Subrogation of claims: When does it happen?

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PostPosted: Thu May 08, 2008 4:30 am   Post subject: Subrogation of claims: When does it happen?  

I was involved in a rear end accident last November. I was stopped at a red light and had my blinker on to make a left hand turn. While setting there I was rear ended. My sister was in the car with me and she started complaining about her back and leg hurting (she had back problems before accident). The girl that hit me got out of her car and came up to mine and asked if we were Ok and asked if I would move my car because we were blocking traffic. I told her I wanted to call the police first, which I did and told them about the traffic and being out in the intersection. The dispatcher advised me to move my car to the nearest shoulder. Since I had my blinker on to turn left, I turned and parked in a parking area. The police came and took statements.



My sister went by ambulance to the hospital. I decided to get out of my car after my sister was in the ambulance to inspect the damages to my car, surprised damages was not that bad because I thought the impact was pretty hard. Went back to the girl that hit me to exchange insurance information and the officer taking the report asked for me to return to my vehicle that she would supply with the insurance information. The paint on my car was scratched in some areas and my license plate light was broken and there was a few small buckles on both ends under my tail lights (damage was estimated at $850). No damage was done to her vehicle because she had metal bars on the front. She was driving an SUV, I was driving a little sports car.



After the accident I went to hospital to check on my sister and they just said she was going to be sore for awhile. They took xrays and gave her prescriptions for pain pills. While I was waiting for her I got a real bad headache and my neck and right shoulder started to bother me. I went on ahead and took her home and I went home and took some advil, but the pain just got worse, so I ended up going to the hospital and was told it was from the accident. They took xrays, put a neck brace on me and told me to wear it for a week (plus prescription). What an ordeal!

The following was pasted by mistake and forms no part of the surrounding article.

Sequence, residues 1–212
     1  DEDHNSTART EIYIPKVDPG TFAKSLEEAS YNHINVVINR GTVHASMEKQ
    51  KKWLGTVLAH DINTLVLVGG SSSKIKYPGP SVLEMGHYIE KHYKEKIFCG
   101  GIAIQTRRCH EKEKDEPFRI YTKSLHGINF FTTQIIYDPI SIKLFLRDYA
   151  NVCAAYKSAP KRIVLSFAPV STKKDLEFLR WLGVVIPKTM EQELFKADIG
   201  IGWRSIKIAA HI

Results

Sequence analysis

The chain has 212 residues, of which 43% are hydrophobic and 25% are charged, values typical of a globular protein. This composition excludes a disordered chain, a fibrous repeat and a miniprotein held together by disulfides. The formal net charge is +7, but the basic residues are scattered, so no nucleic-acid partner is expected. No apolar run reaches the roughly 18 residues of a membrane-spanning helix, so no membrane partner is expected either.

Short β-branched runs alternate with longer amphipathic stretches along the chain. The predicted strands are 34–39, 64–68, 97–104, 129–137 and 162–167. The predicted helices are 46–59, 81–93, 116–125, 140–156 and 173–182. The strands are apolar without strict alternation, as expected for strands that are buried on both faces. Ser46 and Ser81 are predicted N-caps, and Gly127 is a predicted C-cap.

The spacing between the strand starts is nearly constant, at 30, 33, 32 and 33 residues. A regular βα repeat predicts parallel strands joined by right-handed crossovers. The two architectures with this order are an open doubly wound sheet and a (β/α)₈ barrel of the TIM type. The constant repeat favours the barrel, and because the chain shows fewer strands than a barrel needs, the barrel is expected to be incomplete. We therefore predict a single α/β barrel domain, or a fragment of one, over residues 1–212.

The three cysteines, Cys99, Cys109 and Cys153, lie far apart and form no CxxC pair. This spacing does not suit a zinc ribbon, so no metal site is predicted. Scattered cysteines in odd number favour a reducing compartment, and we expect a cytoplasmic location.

I called my insurance company and than I called her insurance company to file a claim since she rear ended me. Found out the officer that took our statements gave me the wrong policy number and insurance agent for her. Anyway, I got the correct insurance info from the officer and called them to file a claim. Waited and waited to hear something back. When I would call to find out about the claim they just kept giving me the run around saying they couldn't get a hold of the other driver. Then one day at work they call and tell me that they are not going to pay the claim, becauce the accident was my fault. The girl said my car stalled and rolled back and hit hers. My car is a standard, but that is not happened. I was just setting at a stop light waiting to make a left hand turn.



BUT HERE IS THE KICKER!, the officer that took the report believed her over me and made it out to be my fault, but in the officer's report she didn't include that the vehicles had been moved, she didn't get a statement from my sister and she didn't note that where the accident happened the road was flat and sloped downward. I called the Police station and talked to the supervisor of the officer and was able to get an amended report stating the vehicles had been moved, my sister's statement (which was the same as mine) and the officer said she wasn't sure who was at fault because both vehicles had been moved after the accident. Still her insurance company refused to pay for the damages to my car.



Anyway here is where I'm at and sorry to make this so long. Her insurance company refused to pay. My insurance company believes it was not my fault, but my deductible is $1000. Damages to car $850. They talked about subrogation of claims here, but since the damages were below the deductible they couldn't do claims subrogation. So, I thought about small claims court and checked into it. Small fee and found out even if I won I would probably have to hire an attorney to have her wages garnished to get my car fixed. That would be more of an expense. So, I dropped it and just wished hurful, hateful thoughts that something bad would happen to the girl that hit me, that lied and got away with it.